Leaked plan: G8 Seeks to Promote "Trillions" of Dollars of Investment in Fossil Fuels and Nuclear Energy
In a dramatic turn-around from last year's meeting in Gleneagles, Scotland, G8 leaders have set their sights on expanding access to fossil fuels and nuclear energy. Last year, G8 leaders focused on mitigating the impacts of climate change and canceling debt. This year the G8 will focus on promoting trillions of dollars of investment in fossil fuels which will exacerbate both climate change and developing country debt.
Energy Security is one of three core themes scheduled for discussion at the upcoming Saint-Petersburg Summit and it will presumably be the core issue on the table when G8 Energy Ministers meet on March 15th and 16th in Moscow. Rather than use the G8 process as a means to overcome the world's addiction to oil and other fossil fuels, a G8 draft Plan of Action on Global Energy Security reveals that the Saint-Petersburg Summit is shaping up as an opportunity to ensure that the addiction will be well fed in the decades to come.
Expanding access to oil and gas:
The G8 draft Plan of Action argues that 17 trillion US dollars of investment will be needed over the next 25 years in order to create a “shock-proof system of global energy supply” and it outlines the G8's intention to work together to “create the environment for the effective mobilization of these huge sums.” The G8 is calling for a global effort to reshape regulatory regimes and remove “unjustified administrative barriers”. According to the draft Plan of Action, these legal and regulatory changes will help create the conditions for the private sector to: · find new reserves of oil and gas at a faster rate than the existing reserves are depleted; · increase oil and gas output by, among other things, more drilling on the continental shelf; · expand production capacity in oil-refining, petrochemical and gas processing industries; · develop new electric power facilities, with an emphasis on nuclear and hydro-power plants; and · introduce “clean coal” technology.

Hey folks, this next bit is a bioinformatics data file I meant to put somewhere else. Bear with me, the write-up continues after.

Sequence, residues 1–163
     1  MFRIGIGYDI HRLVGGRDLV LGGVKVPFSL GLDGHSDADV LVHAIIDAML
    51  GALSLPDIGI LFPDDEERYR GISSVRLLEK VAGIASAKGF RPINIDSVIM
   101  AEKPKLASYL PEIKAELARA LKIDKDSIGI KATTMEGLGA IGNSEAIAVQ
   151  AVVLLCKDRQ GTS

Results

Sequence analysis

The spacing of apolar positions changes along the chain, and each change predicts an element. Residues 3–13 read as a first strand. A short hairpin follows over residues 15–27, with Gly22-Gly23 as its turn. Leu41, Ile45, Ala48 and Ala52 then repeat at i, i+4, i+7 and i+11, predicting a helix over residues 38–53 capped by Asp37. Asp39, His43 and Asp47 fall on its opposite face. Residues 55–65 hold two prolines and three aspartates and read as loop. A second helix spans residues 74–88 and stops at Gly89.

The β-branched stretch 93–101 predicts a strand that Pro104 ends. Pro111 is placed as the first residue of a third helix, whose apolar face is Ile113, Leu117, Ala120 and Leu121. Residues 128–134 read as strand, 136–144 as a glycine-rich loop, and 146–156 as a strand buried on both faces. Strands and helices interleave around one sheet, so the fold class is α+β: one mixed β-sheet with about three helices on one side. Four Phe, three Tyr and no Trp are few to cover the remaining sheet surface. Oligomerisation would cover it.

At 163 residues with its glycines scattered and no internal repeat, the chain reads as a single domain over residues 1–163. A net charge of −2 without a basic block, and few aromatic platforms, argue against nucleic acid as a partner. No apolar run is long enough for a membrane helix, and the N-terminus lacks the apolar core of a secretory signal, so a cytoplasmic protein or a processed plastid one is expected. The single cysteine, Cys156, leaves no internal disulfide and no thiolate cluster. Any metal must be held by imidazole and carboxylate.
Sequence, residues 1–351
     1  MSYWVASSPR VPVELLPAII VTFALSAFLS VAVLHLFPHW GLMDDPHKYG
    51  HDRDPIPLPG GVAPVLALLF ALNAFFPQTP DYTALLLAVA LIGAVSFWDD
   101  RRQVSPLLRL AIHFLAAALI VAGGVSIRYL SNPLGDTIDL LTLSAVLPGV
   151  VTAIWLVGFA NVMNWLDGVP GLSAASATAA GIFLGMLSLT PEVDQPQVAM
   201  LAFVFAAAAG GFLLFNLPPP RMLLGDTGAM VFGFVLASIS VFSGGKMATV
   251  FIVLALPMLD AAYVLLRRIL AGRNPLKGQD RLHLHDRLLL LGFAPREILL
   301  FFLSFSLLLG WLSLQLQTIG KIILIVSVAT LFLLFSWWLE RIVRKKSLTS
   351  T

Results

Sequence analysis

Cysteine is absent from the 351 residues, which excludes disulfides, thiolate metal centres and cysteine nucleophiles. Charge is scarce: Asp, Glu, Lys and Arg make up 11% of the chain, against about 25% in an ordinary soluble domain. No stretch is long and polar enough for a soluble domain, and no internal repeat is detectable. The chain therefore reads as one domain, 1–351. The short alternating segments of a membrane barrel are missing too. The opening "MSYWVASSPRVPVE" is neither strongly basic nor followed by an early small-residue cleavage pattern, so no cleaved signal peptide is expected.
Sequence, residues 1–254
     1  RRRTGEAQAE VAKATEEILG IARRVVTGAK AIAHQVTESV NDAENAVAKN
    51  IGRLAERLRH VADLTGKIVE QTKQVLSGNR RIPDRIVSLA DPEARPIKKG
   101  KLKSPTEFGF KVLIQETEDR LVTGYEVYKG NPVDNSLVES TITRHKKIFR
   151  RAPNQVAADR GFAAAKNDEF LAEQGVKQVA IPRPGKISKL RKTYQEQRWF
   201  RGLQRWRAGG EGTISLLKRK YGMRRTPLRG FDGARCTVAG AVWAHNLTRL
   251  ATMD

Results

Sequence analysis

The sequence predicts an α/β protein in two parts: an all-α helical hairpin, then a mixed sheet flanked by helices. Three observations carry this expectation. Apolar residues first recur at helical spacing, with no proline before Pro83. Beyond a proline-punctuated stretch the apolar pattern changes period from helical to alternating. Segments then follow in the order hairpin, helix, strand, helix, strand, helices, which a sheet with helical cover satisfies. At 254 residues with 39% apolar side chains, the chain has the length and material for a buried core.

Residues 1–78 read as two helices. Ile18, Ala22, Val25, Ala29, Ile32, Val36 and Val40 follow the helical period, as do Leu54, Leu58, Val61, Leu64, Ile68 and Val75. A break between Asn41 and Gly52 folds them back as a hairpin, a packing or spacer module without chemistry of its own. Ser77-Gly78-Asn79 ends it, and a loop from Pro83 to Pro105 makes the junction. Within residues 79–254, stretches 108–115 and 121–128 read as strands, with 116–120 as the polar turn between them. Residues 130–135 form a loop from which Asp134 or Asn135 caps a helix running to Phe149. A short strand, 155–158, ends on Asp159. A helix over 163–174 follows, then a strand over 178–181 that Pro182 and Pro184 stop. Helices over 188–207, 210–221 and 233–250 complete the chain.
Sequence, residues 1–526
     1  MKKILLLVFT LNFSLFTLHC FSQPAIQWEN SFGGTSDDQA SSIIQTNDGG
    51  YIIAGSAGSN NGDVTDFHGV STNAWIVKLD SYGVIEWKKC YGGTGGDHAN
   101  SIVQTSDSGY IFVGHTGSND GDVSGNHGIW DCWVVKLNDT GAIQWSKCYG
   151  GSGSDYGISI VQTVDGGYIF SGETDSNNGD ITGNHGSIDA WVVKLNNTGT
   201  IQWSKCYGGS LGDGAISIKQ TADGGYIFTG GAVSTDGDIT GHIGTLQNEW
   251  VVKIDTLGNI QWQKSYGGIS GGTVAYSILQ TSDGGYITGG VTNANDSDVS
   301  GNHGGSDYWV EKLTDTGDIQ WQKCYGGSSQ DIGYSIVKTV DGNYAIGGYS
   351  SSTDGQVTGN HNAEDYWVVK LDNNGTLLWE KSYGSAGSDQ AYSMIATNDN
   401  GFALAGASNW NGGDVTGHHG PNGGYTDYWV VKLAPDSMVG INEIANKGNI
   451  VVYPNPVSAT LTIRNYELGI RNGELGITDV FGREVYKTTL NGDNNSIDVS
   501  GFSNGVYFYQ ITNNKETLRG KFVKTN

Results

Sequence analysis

Any intention of significantly reducing the world's use of fossil fuels seems to be swept aside. The draft Plan of Action states that: “The proven hydrocarbon reserves and the existing investment potential are sufficient to meet, for a foreseeable future, the growing world demand for energy. We need to create jointly the proper environment to realize this potential.”
Energy Efficiency and the Environment:
The draft Plan of Action emphasizes the following priorities among a range of “measures to ensure a more efficient and ecologically responsible energy production and use”: · increasing the output of hydrocarbon deposits; · raising the level of processing of hydrocarbon resources; · widespread introduction of carbon sequestration technologies in energy production; · wider introduction of “clean coal” technologies; · large-scale utilization of associated gas; · use of coal-bed methane; and · expanding the market for synthetic fuels, particularly those produced from coal and natural gas.
Expanding Nuclear Energy:
The message on nuclear energy is clear: “We believe that the development of nuclear energy would promote the global energy security...” and “we intend to make additional joint efforts to ensure non-discriminatory access to this energy source.”